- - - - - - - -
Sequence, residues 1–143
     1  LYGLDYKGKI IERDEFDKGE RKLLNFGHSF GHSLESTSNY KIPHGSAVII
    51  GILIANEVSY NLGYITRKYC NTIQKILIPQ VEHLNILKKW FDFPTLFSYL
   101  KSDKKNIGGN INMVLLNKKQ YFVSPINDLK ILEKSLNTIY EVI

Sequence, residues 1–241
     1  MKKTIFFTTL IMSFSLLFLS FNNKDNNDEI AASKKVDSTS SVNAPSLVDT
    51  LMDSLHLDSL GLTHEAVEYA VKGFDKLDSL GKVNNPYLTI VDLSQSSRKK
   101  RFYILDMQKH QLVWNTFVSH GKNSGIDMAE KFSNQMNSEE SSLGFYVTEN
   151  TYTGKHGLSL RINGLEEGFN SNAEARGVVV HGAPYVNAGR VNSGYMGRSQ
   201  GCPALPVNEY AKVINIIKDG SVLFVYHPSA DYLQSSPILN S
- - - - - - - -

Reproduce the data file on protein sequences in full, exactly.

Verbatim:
Sequence, residues 1–143
     1  LYGLDYKGKI IERDEFDKGE RKLLNFGHSF GHSLESTSNY KIPHGSAVII
    51  GILIANEVSY NLGYITRKYC NTIQKILIPQ VEHLNILKKW FDFPTLFSYL
   101  KSDKKNIGGN INMVLLNKKQ YFVSPINDLK ILEKSLNTIY EVI

Sequence, residues 1–241
     1  MKKTIFFTTL IMSFSLLFLS FNNKDNNDEI AASKKVDSTS SVNAPSLVDT
    51  LMDSLHLDSL GLTHEAVEYA VKGFDKLDSL GKVNNPYLTI VDLSQSSRKK
   101  RFYILDMQKH QLVWNTFVSH GKNSGIDMAE KFSNQMNSEE SSLGFYVTEN
   151  TYTGKHGLSL RINGLEEGFN SNAEARGVVV HGAPYVNAGR VNSGYMGRSQ
   201  GCPALPVNEY AKVINIIKDG SVLFVYHPSA DYLQSSPILN S